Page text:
That we've just gotten to the point where it's just, like . . .

And so actually our disarticulation . . . ness
is just a clever sort of . . . thing
to disguise the fact that we've become
the most aggressively inarticulate generation
to come along since . . .
you know, a long, long time ago!

I entreat you, I implore you, I exhort you,
I challenge you: To speak with conviction.
To say what you believe in a manner that bespeaks
the determination with which you believe it.
Because contrary to the wisdom of the bumper sticker,
it is not enough these days to simply QUESTION AUTHORITY.
You have to speak with it, too.
Taylor Mali is a poet who emerged from the Poetry Slam movement. The Wikipedia article on Poetry Slam introduces the concept as:
A poetry slam is a competition at which poets read or recite original work (or, more rarely, that of others). These performances are then judged on a numeric scale by previously selected members of the audience.
Typically, poetry slam is highly politicized, speaking on many issues including current social and economic issues, gendered injustices, and racial issues. Poets are judged not only on the content of their slam but the manner of delivery and passion behind their words.
It seems to me that because of this background Mali's poems are more akin to "performing arts" than literature. To truly enjoy one of his poems, you have to see it being performed. So here is a video of Taylor Mali performing his poem "Totally like whatever, you know?".

Another hilarious one by Mali - "The impotence of proofreading":

More videos of Taylor reading his own poems can be found here. Some of his poems here

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Sunday, April 11, 2010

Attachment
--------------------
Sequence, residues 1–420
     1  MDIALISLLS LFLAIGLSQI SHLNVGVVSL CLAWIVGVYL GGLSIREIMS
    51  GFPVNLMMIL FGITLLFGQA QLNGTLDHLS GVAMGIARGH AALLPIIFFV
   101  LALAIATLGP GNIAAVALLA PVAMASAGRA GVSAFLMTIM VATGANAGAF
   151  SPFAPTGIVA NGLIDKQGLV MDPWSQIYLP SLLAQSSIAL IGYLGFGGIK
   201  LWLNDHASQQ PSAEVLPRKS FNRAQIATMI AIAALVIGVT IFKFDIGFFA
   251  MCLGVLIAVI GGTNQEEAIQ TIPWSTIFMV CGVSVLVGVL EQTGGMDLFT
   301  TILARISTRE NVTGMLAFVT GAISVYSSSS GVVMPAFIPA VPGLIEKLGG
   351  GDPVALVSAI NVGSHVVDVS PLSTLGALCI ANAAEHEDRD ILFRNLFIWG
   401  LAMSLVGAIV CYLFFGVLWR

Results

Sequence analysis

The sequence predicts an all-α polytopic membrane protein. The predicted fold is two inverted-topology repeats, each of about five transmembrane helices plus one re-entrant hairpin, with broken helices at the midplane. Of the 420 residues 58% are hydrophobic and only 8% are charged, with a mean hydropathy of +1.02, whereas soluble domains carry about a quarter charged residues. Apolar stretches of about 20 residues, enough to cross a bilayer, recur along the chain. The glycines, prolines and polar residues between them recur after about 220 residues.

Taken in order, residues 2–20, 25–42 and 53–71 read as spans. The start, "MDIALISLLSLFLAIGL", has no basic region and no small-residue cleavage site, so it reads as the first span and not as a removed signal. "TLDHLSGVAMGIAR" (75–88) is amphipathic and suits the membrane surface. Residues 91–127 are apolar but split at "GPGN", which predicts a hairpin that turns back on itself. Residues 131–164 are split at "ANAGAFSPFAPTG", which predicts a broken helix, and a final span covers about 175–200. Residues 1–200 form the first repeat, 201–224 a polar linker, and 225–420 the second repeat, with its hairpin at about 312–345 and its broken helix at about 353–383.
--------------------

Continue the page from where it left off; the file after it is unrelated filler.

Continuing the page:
On Prayer

Man prayingNo! This is not a rant about those who pray or those who exhort others to pray or even about the one(s) to whom people pray to. These are my thoughts about prayer, how they have evolved over time, what prayer means to me and why I pray sometimes. That's right, I am an atheist and I do pray sometimes.

I grew up in a moderately religious family. My parents taught me to pray. We had a very beautiful 'Devaghar' (देवघर), a traditional altar where all the idols and photos of idols of gods are kept, one made out of sandalwood, which if I remember correctly was later mistakenly painted over with oil paint by an uncle. Every evening after dark and before dinner, mother lights the oil lamp and incense sticks in the Devaghar. Then she would make us (me and my sister) sit there and pray. It was during these evening prayers that I learned the most commonly known Sankrit shlokas (श्लोक), mantras (मंत्र) and stotras (स्तोत्र). I learned to recite by heart the Ramrakshaa (रामरक्षा), the adhyayas from Bhagwad Geeta, the Atharvasheersha (अथर्वशीर्ष) and the Maruti (Hanuman) stotra. We also learned to recite "Shubham Karoti Kalyanam" (शुभं करोति कल्याणं) a hymn to the lamp and the Manache Shloka (मनाचे श्लोक) composed by Sant Ramdas. We learned to recite all the Aartis - devotional songs sung after the pooja ritual.

We prayed in the school too. Before the classes started, everyone would gather on the school grounds. We would stand in a line, ranked by height, an arms length behind each other. I was one of the shorter guys and would always be near the front of the line. One of the teachers in our school played the harmonium beautifully and would lead the prayers. We had a prayer assigned for every day of the week and they were all printed in our individual 'diary' (a small book to record exam results and other progress) for reference. Even though the official language of instruction in our school was English, all the prayers were in Sanskrit or Marathi. The only English prayer, a little one that we recited at the end of the school day everyday before rushing out of the class, went something like: